Fartlek Running Part 3Donovan van Gelder
In this, the final in our series of quality sessions for running, we complete the set with some more race-specific sessions, which will train us both physically and mentally to peak for our goal race.
Session Seven – Changing gear
Still a fartlek session but now we are mixing up the length of the efforts because, in a real race situation, things are rarely uniform and we are constantly required to change gear.
To begin with, the warm up – As before, this should be more than just a light jog to loosen up the muscles. You want to end your warm up period at optimum operating temperature. You need to be ready to lift the pace comfortably when you are done. So start nice and easy but gradually increase the effort as your body warms up. Rule of thumb would be starting at around 65-70% of maximum HR and end the warm up period at around 85%. 10-15 minutes will be sufficient because we don’t want to be fatigued before we start the main set of our session.
For this session we are going to run intervals of 1:00; 2:00 and 3:00 with only a 1:00 floating recovery period in between each. We are going to run three sets and change the order of the intervals in each set.
So the order will be:
1:00; 2:00; 3:00
2:00; 3:00; 1:00
3:00; 1:00; 2:00
We do this continuously, so there are no gaps between sets and the standard recovery period of 1:00 applies no matter what the length of the preceding or following interval.
The idea is to change the pace according to the length of the interval. This way we are never able to settle into a steady rhythm and we are constantly placing demands on our muscles and cardio-vascular system.
There are a number of ways that you can alter the session to change the demands. You can change the length of the three intervals in the set, or add another set starting from 1:00 again. All depending on your level of condition and the event that you are training for.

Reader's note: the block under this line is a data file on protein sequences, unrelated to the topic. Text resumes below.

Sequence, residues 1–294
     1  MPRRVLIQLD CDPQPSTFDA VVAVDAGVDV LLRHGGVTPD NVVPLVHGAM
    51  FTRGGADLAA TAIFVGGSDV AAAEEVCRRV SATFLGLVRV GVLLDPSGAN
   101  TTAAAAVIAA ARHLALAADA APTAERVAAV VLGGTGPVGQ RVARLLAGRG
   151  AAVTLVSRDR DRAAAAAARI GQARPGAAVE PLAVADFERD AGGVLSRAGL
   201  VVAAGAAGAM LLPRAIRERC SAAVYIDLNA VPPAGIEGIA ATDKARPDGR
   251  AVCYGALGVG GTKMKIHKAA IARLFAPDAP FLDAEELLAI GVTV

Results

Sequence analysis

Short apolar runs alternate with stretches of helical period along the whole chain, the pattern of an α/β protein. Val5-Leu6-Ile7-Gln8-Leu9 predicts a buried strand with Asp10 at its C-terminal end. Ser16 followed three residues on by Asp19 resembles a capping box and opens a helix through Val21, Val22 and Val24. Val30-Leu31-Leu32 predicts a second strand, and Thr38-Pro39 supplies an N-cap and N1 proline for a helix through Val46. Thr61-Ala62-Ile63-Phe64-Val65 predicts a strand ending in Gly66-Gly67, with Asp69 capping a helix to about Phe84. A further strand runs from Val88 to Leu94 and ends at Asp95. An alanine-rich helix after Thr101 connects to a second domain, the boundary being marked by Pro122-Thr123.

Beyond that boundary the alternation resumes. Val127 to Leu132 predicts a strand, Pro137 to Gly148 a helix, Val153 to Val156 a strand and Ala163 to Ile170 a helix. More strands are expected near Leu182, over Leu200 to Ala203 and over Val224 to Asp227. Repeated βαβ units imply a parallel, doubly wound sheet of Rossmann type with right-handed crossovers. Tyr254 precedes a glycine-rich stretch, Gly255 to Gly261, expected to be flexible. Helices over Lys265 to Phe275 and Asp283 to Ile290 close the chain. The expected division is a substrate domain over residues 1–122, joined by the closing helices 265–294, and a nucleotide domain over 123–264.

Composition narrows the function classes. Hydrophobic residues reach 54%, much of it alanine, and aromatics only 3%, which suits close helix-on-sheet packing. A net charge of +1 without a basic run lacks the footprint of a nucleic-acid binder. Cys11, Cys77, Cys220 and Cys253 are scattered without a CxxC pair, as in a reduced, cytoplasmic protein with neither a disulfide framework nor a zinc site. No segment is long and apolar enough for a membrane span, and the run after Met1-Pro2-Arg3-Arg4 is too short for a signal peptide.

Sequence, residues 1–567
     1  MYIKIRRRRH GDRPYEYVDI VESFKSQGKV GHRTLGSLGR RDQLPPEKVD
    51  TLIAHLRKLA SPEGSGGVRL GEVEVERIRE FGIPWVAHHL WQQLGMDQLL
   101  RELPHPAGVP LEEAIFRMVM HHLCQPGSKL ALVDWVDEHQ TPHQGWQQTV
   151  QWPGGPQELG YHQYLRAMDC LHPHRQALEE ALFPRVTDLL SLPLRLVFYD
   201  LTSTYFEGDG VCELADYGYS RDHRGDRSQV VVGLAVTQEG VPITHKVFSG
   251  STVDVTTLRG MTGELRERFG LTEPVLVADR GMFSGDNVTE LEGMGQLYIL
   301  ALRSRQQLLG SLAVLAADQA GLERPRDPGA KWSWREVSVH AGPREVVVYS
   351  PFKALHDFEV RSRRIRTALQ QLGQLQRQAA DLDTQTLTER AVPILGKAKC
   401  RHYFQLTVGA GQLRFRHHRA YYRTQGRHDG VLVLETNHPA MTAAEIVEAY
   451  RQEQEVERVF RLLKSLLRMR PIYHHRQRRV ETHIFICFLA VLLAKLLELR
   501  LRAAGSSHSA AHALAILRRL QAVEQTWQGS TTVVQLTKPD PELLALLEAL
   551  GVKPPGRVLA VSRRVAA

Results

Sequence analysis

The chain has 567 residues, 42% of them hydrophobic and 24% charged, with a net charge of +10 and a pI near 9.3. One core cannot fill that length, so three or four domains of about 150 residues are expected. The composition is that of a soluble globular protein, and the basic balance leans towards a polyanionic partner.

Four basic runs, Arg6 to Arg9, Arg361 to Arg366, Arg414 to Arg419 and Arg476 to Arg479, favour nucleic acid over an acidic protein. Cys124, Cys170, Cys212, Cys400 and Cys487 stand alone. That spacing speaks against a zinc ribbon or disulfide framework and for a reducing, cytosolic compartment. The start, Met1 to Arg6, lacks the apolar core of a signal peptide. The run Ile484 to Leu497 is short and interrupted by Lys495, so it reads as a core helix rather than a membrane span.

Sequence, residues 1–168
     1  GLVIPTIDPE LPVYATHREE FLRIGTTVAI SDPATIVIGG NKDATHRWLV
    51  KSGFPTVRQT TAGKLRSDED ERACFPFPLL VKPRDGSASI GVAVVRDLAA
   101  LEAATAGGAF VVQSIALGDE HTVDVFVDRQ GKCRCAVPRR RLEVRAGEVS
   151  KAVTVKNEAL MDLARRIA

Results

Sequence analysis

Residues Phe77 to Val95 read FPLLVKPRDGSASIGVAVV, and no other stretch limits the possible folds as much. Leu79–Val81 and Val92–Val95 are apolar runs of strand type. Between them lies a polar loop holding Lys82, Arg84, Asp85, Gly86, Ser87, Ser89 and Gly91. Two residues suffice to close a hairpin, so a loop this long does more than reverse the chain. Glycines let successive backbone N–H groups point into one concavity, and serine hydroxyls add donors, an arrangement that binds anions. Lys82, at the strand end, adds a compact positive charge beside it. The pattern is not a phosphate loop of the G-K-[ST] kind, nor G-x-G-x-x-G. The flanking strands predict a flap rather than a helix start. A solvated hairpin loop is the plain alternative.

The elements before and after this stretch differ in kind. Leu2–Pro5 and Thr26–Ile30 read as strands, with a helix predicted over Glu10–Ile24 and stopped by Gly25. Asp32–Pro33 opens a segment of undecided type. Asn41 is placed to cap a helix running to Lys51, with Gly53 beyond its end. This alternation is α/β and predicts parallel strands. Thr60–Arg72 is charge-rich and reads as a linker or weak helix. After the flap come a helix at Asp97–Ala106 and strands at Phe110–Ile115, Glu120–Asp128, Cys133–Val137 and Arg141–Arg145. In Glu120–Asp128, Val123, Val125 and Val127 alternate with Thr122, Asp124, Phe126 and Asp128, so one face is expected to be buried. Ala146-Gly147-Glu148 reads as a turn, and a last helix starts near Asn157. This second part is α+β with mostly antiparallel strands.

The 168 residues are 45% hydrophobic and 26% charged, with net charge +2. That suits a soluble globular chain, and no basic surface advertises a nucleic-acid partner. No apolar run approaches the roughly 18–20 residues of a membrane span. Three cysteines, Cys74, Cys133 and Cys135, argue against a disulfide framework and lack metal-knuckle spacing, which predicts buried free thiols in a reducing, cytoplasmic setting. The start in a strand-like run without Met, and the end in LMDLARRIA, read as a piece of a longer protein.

REMEMBER: TRAINING SHOULD ALWAYS BE RELEVANT TO THE EVENT THAT YOU ARE TRAINING FOR!
Always have a decent warm down period after running at intensities like this. Again 10-15:00 and this should be done opposite to the warm up. Gradually go easier and easier and you can even end off with a few meters of walking.
A good stretch afterwards will also help with your recovery and be good for maintaining your flexibility and range of motion in your joints.
Session Eight: Tempo Session
To a lot of runners the tempo session may mean simply running at a set pace, close to race pace, for an extended period of time. Now that is certainly one way to do it but these efforts can often become race level efforts and we must bear in mind that we only have a limited number of those in a season. So let us rather save those for when there is someone to witness our pace and a medal and a results list at the end.
This time we will look at a tempo run that is aimed at a longer race. We will use a half marathon as the goal for this one but you can adjust the distances and pace for whatever your goal race distance.
REMEMBER: Training must be relevant and specific to be most effective.
For a 21.1km we need to be able to finish strong and be able to maintain good form even though our legs are fatiguing. This session will be aimed at someone who is running a 1:30-1:45 half marathon.
To start we want to ease ourselves into the run and allow the legs to loosen up a bit from the training that you may have done in the preceding days. So a nice relaxed jog building into a moderate pace so that your HR rises to around 70% of your maximum after about 10:00.
Then, for the next hour you want to lift your pace and run at a nice steady but not half marathon race pace. Probably around :15 per kilometre slower than your projected half marathon race pace. This pace should not require too much concentration as you will be running comfortably and within yourself but faster than an easy, recovery effort.
At the end of the hour, slow gradually and walk for a minute or so to allow your HR to drop below 60%. Then do 10 X 200m repetitions at your projected half marathon race pace. There is no need to go faster and this should feel pretty comfortable over such a short distance. You want to focus on holding great form and focus on your body position. Have 100m walking and then 100m jogging as a recovery period.